ALTHOUGH the latest draft constitution dilutes the executive powers of the president, it is likely to create a bloated cabinet and enlarged parliament as some of the sections propose to increase the National Assembly membership to 270 from the current 210, with an unlimited number of cabinet ministers.
This flies in the face of calls for a leaner government by the MDC formations after many years of a bloated government, and re-introduction of the senate in 2005.
Section 6.9(b) of the draft reads: “For the life of the first two parliaments after the effective date, an additional 60 women members, six from each of the provinces into which Zimbabwe is divided, elected through a system of proportional representation based on the votes cast for candidates representing political parties in a general election for constituency members in the provinces.”
On cabinet, Section 5.18 says: “There shall be a cabinet consisting of the president, as head of the cabinet, the vice-presidents and such ministers as the president may appoint to the cabinet.”
However, Section 5.17 (4) says in appointing ministers and deputy ministers, the president must be guided by considerations of regional and gender balance.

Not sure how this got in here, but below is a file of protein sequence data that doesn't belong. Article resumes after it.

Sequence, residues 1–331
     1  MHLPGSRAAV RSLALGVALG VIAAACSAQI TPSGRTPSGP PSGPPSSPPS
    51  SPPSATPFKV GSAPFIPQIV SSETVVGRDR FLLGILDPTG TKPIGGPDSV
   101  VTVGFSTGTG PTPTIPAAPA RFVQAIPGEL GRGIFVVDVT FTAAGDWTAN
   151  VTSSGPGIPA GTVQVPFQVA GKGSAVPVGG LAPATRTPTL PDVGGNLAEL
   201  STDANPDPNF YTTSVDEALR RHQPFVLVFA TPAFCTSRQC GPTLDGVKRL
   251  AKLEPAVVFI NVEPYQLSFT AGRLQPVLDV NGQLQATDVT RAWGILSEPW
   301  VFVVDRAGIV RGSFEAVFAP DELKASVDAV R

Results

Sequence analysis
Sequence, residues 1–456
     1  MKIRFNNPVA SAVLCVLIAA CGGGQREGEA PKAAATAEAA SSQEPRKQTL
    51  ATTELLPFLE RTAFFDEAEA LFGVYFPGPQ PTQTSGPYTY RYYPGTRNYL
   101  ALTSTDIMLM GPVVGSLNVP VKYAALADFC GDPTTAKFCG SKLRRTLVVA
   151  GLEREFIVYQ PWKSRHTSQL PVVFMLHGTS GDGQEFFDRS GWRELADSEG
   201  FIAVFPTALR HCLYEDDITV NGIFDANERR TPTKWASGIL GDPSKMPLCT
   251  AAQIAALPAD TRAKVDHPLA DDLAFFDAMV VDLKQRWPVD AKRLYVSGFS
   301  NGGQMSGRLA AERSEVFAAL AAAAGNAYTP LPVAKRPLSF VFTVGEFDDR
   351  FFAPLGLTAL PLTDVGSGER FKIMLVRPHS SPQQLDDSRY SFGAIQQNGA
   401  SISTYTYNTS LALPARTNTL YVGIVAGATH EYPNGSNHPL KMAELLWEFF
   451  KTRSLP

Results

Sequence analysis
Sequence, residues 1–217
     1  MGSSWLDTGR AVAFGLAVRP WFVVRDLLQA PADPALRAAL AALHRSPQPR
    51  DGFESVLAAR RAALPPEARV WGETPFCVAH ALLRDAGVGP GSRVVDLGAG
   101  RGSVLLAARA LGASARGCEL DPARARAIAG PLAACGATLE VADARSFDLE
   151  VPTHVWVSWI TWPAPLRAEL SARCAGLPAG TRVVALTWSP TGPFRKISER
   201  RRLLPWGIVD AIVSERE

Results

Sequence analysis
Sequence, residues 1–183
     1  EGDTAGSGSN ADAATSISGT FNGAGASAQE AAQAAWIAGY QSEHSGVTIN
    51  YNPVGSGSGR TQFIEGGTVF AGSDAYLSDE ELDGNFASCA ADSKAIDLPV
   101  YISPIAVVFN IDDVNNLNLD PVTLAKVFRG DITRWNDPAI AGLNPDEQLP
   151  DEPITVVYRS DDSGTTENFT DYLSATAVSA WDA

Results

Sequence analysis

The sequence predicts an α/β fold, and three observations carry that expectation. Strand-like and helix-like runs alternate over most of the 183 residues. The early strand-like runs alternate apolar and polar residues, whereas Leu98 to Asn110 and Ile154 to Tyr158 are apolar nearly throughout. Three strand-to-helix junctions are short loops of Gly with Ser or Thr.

Political and legal analysts expressed disappointment at the clauses which have the effect of enlarging parliament and cabinet, and view it as an act of political expediency and patronage under the guise of ethnic and gender balancing.
Legal analyst Petina Gappah said the draft is clearly a “politicians’ charter”.
“The failure to specify a maximum number of ministers would be fine if we had an austerity-minded president,” said Gappah. “But I fear this will be used to reward the party faithfuls. I see a more bloated cabinet on the cards. I am very disappointed by these sections.”
Political commentator and international relations specialist Jonathan Gandari said the clauses would spawn unnecessary expenditures and waste of public resources.
“I think an enlarged parliament and unlimited cabinet is a big let-down and misrepresentation of the aspirations and dreams of the nation,” Gandari said.
“It’s a scandal and unbridled greed meant to create jobs for politicians when 90% of this nation is unemployed.”
Public officials are showered with luxury vehicles and allowances, and stay in posh hotels when on official business locally and internationally.
The clauses seem to ignore the fact that the country’s population is small and the economy is struggling.
Legal expert and MDC-T technical advisor on Copac, Alex Magaisa, admitted the draft was not an ideal document, but pointed out it was the best under the circumstances.
“The final draft is a product of negotiation,” said Magaisa. “It is a product of give and take. The approach is not amenable to the production of the most beautiful constitution, but idealism has to be married to realpolitik.”